The regiment went back again to the trenches last night. Etherton is sick away with measles & Fox is doing Adjutant. They apparently had a narrow escape yesterday as a “Jack Johnson” fell just by the side of their (C.O. & Fox) dugout & took away a part of the side. Burton has been temporarily transferred to assist the 154th Highland Brigade of the Highland Division. As you may guess we are short of B.Os & the battalion is divided up now into three double Cos. Your kit & rucksack are being sent off immediately to Messrs Cox & Coy with instructions to reforward to your home address. I am having the rucksack put in your valise for safety’s sake, as en route I believe there are some people who have light consciences &c., shall be glad to hear from you as soon as received.

I have no other news – am just going off to the trenches with the rations – everything seems so changed now, so few of the B.O’s left. Blair has come back to take charge of a double Coy.

Must really hurry now- excuse scrawl in haste. Look after yourself & stay away as long as you can & keep fit.

Best regards   cheer oh!

Yours ever

J.M. Shaw.

I am amused by how modern J.M.Shaw sounds when he says “Sorry to bother you, but C.O. etc”. Because time-shift. 

&c is etc
Fr are Francs.
P.O. is a Postal Order.
B.O. is a British Officer.

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Posted by on 27 May, '15 in Ted Berryman


24 May 1915 – Gwynedd Russell to Gertrude


May 24/15.

Dear Mrs Berryman,

I am sure I saw you on Thursday at the meeting at the L.O.F. but when I tried to find you at the end you must have gone! I was so sorry and I wanted to ask after Ted.

We were so sorry to see his name in the Casualty list. I do hope his wound is slight and will cause you no anxiety, but give you the pleasure of having him home.

I suppose everyone at Guildford is nursing. I have not had any opportunity to do so yet but am to start a month’s training in June which I am much looking forward to. David seems very contained at the front and says trench life suits him down to the ground, bar the noise.

Tony is in the 3rd Army so won’t go out for a bit. He turned up today on a motor bike to our surprise and delight, as we have hardly seen him since he joined. Please give my love to Ben and the others. Mother sends her kindest regards

Yours very sincerely


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Posted by on 24 May, '15 in Ted Berryman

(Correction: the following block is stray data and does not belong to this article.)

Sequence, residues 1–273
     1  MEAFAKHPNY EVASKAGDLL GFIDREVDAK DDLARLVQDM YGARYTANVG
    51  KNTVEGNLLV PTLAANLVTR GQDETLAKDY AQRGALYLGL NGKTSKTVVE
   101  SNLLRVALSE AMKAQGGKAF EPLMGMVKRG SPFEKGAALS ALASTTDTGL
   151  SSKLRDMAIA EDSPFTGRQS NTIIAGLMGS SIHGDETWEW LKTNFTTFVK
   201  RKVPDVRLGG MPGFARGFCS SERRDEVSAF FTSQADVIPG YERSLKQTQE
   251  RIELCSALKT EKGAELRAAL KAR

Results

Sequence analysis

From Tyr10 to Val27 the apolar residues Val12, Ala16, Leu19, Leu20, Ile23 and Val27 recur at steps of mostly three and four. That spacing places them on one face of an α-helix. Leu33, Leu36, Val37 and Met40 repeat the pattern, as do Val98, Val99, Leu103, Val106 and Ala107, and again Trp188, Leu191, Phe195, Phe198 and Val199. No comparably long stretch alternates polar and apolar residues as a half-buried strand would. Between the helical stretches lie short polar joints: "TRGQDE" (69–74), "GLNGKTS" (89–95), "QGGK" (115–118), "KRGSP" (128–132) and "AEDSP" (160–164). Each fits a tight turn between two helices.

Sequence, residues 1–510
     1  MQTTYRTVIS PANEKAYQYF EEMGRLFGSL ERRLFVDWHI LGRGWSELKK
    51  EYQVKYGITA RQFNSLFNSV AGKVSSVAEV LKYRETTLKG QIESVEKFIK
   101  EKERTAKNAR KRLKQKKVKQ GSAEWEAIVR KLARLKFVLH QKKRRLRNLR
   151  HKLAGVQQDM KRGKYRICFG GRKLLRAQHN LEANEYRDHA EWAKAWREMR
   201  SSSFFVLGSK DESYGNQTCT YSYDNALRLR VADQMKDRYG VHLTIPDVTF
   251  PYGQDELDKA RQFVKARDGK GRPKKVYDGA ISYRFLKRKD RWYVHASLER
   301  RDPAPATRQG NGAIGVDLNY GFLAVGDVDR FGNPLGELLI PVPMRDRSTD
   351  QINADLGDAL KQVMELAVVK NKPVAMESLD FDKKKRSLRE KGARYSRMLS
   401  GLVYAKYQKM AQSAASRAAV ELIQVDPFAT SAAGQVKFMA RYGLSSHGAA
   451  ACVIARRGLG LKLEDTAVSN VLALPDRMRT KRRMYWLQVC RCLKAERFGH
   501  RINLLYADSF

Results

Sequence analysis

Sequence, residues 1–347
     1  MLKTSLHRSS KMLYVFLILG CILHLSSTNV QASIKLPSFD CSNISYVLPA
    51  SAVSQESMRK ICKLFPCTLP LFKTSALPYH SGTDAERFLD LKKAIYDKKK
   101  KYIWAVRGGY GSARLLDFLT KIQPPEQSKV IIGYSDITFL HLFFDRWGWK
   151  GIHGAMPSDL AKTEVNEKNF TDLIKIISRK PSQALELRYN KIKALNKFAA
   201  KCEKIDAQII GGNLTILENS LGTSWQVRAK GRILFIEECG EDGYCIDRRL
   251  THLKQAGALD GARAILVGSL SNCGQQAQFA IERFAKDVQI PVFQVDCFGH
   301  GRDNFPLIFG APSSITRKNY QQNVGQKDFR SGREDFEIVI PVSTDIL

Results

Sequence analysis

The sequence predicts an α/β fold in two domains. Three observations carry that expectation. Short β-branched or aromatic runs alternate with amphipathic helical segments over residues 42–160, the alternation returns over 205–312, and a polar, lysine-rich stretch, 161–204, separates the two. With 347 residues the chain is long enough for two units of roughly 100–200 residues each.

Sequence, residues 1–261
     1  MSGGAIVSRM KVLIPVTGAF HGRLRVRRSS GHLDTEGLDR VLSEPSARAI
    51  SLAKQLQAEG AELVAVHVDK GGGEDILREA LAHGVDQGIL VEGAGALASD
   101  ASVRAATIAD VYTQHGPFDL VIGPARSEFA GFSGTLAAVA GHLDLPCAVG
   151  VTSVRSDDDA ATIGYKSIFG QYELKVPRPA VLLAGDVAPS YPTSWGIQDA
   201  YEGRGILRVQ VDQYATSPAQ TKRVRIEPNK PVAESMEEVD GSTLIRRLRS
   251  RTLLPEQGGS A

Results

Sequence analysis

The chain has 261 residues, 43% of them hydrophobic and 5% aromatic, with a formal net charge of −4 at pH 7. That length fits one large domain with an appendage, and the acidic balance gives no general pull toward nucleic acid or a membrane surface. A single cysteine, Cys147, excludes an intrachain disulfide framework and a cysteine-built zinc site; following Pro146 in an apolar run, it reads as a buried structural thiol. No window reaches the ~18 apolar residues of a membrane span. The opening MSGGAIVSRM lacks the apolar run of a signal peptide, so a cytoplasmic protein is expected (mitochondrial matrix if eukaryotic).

23 May 1915 – Frances Palmer to Gertrude


Whit Sunday

Dear Gertrude.

I fear very much it is your dear boy who is reported as wounded. I am grieved to think of your anxiety, but I trust his injury is slight & that he will soon recover from it- & perhaps you will have him at home soon.

We have seen a good deal of young Mr Fisher lately- he has been billeted with a friend of ours, he often spoke of you. I think you must know his people- he has left now for Cambridge.

I have many friends & relations out, & I hear 4 of your boys – are fighting for us – how much you have to think of. We have left this house to Capt Enscombe who is now in command of the anti-aircraft to defend the Castle, he has a very unrestful time during the visits of the King & is called up day & night with warning messages.

Our cottage at Wareham has been let out all winter to a soldier. With our love to you

Believe me

Yr affecte Aunt

Frances Palmer

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Posted by on 23 May, '15 in Ted Berryman


23 May 1915 – George Palmer to Gertrude


May 23rd 1915

My dear Gertrude

I saw amongst the list of wounded the other day the name of Capt E.R.P. Berryman of the Garhwal Rifles. I fear this must be your son Ted.

I hope you can find time to send me a few lines to tell me about it & how he is – is he able to come home? Also please tell me about the others. Paul & Christopher & the girls. Has Richard come home from India? I fear I have been a very bad correspondent but believe me I do not forget you all.

I hope this terrible war will not last much longer but I fear there is little sign of daylight as yet.

Hoping to hear good accounts from you

Yr affecte Cousin

George Palmer.

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Posted by on 23 May, '15 in Ted Berryman


23 May 1915 – M G S Stoppard to Gertrude

Elmer House, West Street

23rd May

Dear Mrs Berryman,

I see your son has been wounded & if it would not give you too much trouble to send me a p.c. I should much like to know how he is. I do hope you are in no anxiety about him & that he is going on well. –

This war is terrible, still those at the Front seem always optimistic, my husband among them. He & Montagu are at Headquarters which is a great relief to me. I suppose your sons are scattered in all directions, I wonder where the naval one is?

It would be very nice if you could come over to luncheon one day, do if you can. My telephone no is 160 Farnham. My mother would like to see too.

Yours very sincerely

M.G.S. Stoppard

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Posted by on 23 May, '15 in Ted Berryman